Lead exposure, weight gain, hypertension, and early mortality: case study and review

Lead exposure, weight gain, hypertension, and early mortality: case study and review

Background:
As increased lead exposure from contaminated marijuana use in the USA and Germany has been confirmed, the potential impacts of severe or light lead exposure are being drawn once again into the public light. The mean adult lead exposure in the USA dropped by 41% from the 1990s to the 2000s from 2.76 μg/dL to 1.64 μg/dL, which has been causally shown to prevent the nearly triple the rate of kidney death and double the rate of peripheral artery disease, which includes cardiovascular death which was present before (Muntner). These low levels of increased lead exposure have been shown to result in a 1.55 increased odds ratio for mortality in all cardio-vascular mortality, after adjusting for all other factors (Menke). This translates into over 7 years of lost life expectancy (Tsai), simply from the cardio-vascular effects of lead toxicity.
The mean for previous mean lead exposure is now still extant in the higher quartile of adults now that lead exposure has dropped significantly, which makes what was formerly believed to be a safe level of lead exposure very dangerous for those who are still exposed to elevated levels of lead. The expected drop in hypertension from removal of lead from the environment within these boundaries is estimated at 17.5% (Pirkle). Hypertension is a condition which induces an increased hazard ratio of about 1.30 of at least one annual kilogram of weight gain (Stevens), or around 80 kilograms in a lifetime. These weight changes as well as lead exposure have been associated or identified causally with neurological changes, most notably brain lesions (Stewart), which brain imaging and cardiovascular data in this case study have confirmed.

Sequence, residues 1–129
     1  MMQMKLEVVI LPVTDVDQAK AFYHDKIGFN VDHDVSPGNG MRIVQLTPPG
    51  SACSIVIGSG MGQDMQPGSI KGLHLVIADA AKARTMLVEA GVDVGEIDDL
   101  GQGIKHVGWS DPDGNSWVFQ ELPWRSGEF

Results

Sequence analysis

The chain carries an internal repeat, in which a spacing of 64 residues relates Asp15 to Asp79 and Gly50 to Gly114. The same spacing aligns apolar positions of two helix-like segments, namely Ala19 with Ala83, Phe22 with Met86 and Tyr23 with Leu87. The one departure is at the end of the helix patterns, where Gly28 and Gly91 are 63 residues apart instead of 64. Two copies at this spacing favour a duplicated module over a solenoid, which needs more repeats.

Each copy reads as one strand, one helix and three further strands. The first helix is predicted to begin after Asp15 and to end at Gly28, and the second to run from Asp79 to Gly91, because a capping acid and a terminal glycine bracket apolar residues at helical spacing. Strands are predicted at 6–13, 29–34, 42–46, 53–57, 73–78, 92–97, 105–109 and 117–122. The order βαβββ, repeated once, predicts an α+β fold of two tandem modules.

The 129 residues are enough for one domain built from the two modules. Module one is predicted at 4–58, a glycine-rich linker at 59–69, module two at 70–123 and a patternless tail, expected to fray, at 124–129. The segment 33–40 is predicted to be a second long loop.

Fortunately for this study and for those who are exposed to lead-infused marijuana or environmental hazards, a study from Veterans affairs has found that increased mortality and negative health effects from lead exposure is only significant with long-term cumulative exposure (Weisskopf). Because the trials were conducted over a period of multiple years, it is likely that there will not be long term or lasting effects once lesions are allowed to heal and with natural expiration of the toxin from the body.
Case study and Results:
Unfortunately, in the case study of a responsible adult marijuana user (5-10 grams at 10% mean THC content per week) in the Northeast of the USA, these sorts of statistical analyses were not useful. In the first run, diastolic blood pressure was over 95 directly after the trial though lead was not initially considered as a factor, with considerations of light alcohol use and high nicotine intake believed to be causally tied to this negative symptom. Re-trial, without regular use of nicotine (substitution of pipe tobacco, with virtually no absorbed nicotine for cigarette tobacco which has between 5 and 13 times the amount of absorbed nicotine) and no use of alcohol, determined lead levels of around 3.5 μg/dL, or levels qualifying as occupational hazard and outside of the range of environmental exposure. With levels taken only one month after the trial had ended and a half-life of lead in the human body of around one month, it can be assumed that these levels at a maximum were at least 7 μg/dL (Barbosa). The increases in blood pressure associated with occupational exposure to lead, which this level still falls into the highest decibel among, are around 10 mm Hg in blood pressure, though due to the young age and good health of the subject and lower expected peak exposure level symptoms may not be as exacerbated as noted in long-term occupational exposure ratios (Glenn).